Jessica Seaton's recipe for rose macaroons - the ideal summer treat.
Struggling gamely against the odds, in the fragmentary garden hedge of our newly acquired farmhouse, grew a nameless striped, pale pink rose. Its arching branches bore thorns that could easily rip into delicate skin with a ferocity that served only to render the tender blooms more poignant.
That was many years ago, when our one child was small and the next yet unborn, now the same rose - still unnamed - is replanted under an ash tree. It continues to bear some striped blooms, and some not, and when in flower is fragrant with uncomplicated sweet rose perfume.
These are the rose choices to look for when cooking - the paler and sweeter the rose, the better. Deep coloured fragrant blooms can have a greenish, bitter quality underpinning the talismanic rose perfume, and I find the woolly texture of the petals can be off-putting. Better to find more delicate characters and nibble a petal to select the ideal one. Of course you'll choose blooms untainted by sprays.
On a summer's day, what better way is there to relax than with a cup of milk-less china tea and a perfectly formed rose macaroon?
Like replanting the old rose in a new place, I can't resist changing, developing and improving things, and so it is with this recipe, which first appeared in my book, Gather Cook Feast. In this version I've added crystallised rose petals for decoration and tweaked the method and ingredients a little. The result is a more refined macaroon, and prettier too. The pillow-y oatmeal adds a clean note to offset the richness of the almond and the heady fragrance of the rose.
They are easy and quick to make, but you need to start the crystallised petals the day before.
MAKING THE CRYSTALLISED ROSE PETALS
one egg white
a few drops rose water
one pale pink fragrant rose
Deconstruct the rose into single petals and gently remove any hiding bugs.
Cover a tray with baking parchment.
Mix a couple of drops of rose water into the egg white and whisk together. You're looking for a delicate, not overwhelming, rose fragrance.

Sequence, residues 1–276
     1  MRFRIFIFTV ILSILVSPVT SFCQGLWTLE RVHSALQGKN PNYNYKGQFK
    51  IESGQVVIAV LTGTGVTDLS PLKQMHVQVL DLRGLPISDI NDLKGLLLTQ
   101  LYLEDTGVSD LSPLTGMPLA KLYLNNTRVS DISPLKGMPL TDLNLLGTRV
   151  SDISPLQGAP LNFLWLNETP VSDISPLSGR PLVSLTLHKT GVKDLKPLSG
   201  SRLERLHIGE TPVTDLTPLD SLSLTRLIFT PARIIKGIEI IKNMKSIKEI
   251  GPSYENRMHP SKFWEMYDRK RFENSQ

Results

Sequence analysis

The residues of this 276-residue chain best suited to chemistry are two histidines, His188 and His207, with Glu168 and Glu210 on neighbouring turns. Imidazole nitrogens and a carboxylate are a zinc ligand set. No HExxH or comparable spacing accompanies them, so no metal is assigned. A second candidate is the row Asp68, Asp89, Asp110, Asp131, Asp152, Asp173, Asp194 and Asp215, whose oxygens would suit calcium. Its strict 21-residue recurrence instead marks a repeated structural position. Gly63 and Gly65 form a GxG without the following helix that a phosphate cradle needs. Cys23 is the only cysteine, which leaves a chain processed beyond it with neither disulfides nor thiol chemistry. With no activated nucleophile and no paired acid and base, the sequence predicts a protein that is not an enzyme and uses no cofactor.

Using tweezers, dip each petal into the egg mix and then into the caster sugar. Lay them out on the baking paper and leave overnight to dry.
MAKING THE ROSE MACAROONS
3 egg whites
a pinch of salt
180g icing sugar
250g ground almonds
50g porridge oats
teaspoon lemon juice
1 teaspoon rose water
Makes about 20 macaroons.
Heat the oven to 120C.
Cover a baking tray with baking parchment.
Prepare all ingredients weighed and ready in advance of whisking the egg whites to make sure you catch the whites peak fluff.
Blitz the oats in a food processor to the consistency of flour.
Add the salt to the egg whites and whisk until dry and stiff. Add the sugar gradually until the mixture becomes like marshmallow.
Add the lemon and rose water (tasting carefully as it is easy to overdo rosewater). Finally gently fold in the almonds and oats.
Using quite damp hands form small walnut sized balls on the baking tray, little mound by little mound. Flatten the surface of each with the back of a damp teaspoon or finger.
Cook in the oven for 40-55 minutes until they are firm and starting to colour a little around the edges, but still chewy inside. Cool them fully on a rack. Then rest a couple of the crystallised rose petals on the top of each.
Gather Cook Feast celebrates the connection between the food that we eat and the land on which we live in over 120 simple, seasonal and nourishing recipes.